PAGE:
“Universal AI agents have the potential to positively impact many aspects of day-to-day life, from enabling the visually impaired to translating languages fluidly to providing real-time information about the physical world,” said Wayne.

“Depending on the use case,” he continued, “it’s easy to envision a future where people could have an expert AI assistant by their side through a phone, glasses, or other next-generation devices.”

Project Astra isn’t available to the public yet, and the advanced AI assistants that are available, like Meta AI, aren’t reliable enough to be indispensable — sometimes they’ll return useful answers to your questions, and sometimes they’ll confidently tell you that the potato you’re holding is a smartphone. Often, you won’t really know if it’s right without looking it up on your phone, anyway.

This habit of presenting false information as true, or “hallucinating,” is a major problem with generative AIs, and how to solve it — if it even is solvable — is still TBD.

Even if we do end up with super-advanced AI assistants, there’s no guarantee people will prefer interacting with AI through something new, like smart glasses (or a pin or a bright orange box), over the phones we’re already using.

If we still need to carry around a smartphone in order to engage with the AI — as you do to use the Ray-Ban Meta Smart Glasses — it limits the potential value of carrying around another device.

“The best form factor for advanced AI assistants will ultimately be determined as researchers, designers, users, and the wider field explore different use cases,” said Wayne. “At this stage, it is too early to predict what that hardware will be, but it’s an exciting time for innovation, collaboration, and creativity.”

If today’s AIs don’t end up leading to tomorrow’s uber-helpful digital assistants, smart glasses developers will definitely need to figure out another killer app that gets people buying their devices — which brings us back to Epson and the very first smart glasses.

“To get to that future, where AR/VR headsets eventually replace our everyday devices, we need to make the transition easier.”

Tamir Berliner

While some smart glasses makers are banking on people wanting to use their specs to interact with advanced AIs, others are trying to lure in customers by emphasizing how the glasses can replace screens for both entertainment and work.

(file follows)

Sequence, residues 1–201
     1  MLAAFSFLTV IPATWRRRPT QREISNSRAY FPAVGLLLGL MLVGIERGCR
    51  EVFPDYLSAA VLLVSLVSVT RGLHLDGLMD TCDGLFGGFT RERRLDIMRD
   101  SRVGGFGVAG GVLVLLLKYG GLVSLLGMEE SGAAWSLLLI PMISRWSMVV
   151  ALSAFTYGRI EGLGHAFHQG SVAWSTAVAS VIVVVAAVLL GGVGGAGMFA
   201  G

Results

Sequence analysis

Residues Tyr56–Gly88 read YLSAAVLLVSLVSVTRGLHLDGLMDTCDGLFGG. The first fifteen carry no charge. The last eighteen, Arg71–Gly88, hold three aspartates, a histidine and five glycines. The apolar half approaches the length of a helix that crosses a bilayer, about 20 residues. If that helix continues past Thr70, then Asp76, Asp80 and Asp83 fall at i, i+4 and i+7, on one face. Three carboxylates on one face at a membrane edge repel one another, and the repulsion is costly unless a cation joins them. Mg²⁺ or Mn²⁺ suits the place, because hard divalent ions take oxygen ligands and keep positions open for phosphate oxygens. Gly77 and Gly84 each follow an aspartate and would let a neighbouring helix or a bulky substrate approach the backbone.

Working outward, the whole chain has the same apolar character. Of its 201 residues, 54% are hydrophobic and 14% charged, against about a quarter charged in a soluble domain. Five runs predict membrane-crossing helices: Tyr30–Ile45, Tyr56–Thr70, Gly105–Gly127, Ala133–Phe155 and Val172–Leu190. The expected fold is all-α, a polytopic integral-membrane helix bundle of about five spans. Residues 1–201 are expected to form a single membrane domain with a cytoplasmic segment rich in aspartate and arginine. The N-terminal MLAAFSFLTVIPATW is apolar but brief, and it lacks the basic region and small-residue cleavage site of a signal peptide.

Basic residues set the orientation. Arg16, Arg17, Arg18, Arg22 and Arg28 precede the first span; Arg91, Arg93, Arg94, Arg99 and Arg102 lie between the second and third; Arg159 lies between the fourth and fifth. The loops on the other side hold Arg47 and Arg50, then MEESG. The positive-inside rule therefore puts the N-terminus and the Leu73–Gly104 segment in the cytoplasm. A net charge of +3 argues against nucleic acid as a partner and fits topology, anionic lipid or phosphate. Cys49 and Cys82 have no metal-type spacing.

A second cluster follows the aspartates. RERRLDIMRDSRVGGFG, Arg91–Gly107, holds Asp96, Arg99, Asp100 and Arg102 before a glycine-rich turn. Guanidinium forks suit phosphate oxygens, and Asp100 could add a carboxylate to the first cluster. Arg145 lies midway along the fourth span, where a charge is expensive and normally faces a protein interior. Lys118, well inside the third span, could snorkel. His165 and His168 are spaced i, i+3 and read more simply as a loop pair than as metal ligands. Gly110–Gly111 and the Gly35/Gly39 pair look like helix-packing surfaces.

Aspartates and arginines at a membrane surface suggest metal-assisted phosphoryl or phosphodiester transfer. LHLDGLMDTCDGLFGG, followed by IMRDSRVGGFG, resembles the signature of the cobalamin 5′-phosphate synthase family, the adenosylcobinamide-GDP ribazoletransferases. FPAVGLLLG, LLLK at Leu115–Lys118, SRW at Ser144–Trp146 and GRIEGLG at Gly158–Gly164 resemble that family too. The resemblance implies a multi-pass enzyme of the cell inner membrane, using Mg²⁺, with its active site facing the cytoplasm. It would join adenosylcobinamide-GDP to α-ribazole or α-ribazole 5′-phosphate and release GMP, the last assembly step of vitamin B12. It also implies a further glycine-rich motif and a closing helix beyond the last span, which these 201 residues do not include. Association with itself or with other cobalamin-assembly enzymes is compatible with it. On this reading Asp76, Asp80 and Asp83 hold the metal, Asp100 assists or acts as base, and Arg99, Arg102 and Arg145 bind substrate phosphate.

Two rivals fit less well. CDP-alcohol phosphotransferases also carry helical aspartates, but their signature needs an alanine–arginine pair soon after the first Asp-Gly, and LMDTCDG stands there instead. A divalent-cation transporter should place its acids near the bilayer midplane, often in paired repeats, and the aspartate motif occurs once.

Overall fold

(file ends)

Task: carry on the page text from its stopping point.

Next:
The basic technology has come a long way since 2011, and the smart glasses these companies are selling are sleeker, with bigger virtual screens, higher image quality, and more functionality than Epson’s Moverio BT-100s, but they typically aren’t useful on their own — you need additional tech, such as a laptop or a smartphone and a Bluetooth mouse and keyboard.

To make it easier for people to make the leap to using smart glasses over standard screens, tech startup Sightful created the Spacetop, a screen-free laptop that comes with a pair of modified Xreal Air 2 Pro smart glasses.

“We reduced [the glasses’] weight to 84 grams, modernized its design to resemble everyday sunglasses, and … added automatic dimming,” Tamir Berliner, Sightful’s co-founder and CEO, told Freethink. “We also worked with Xreal on modifications for the text rendering pipeline in order to improve text legibility and reduce eye strain, further allowing a full day of productivity.”

a person at a desk using a Spacetop looking at several large virtual screens
Sightful

The $1900 Spacetop is currently only available for preorder (deliveries are expected to begin in October 2024), so it’s too soon to say whether it’ll be popular enough to start a new trend of smart glasses as part of all-in-one computing systems, but Berliner thinks his company’s approach could help people get comfortable looking at the world from behind high-tech specs.

“To get to that future, where AR/VR headsets eventually replace our everyday devices, we need to make the transition easier,” he told Freethink. “That’s why we believe that Spacetop’s form factor of a laptop keyboard with a spatial ‘screen’ is the next natural evolution of laptops and computers.”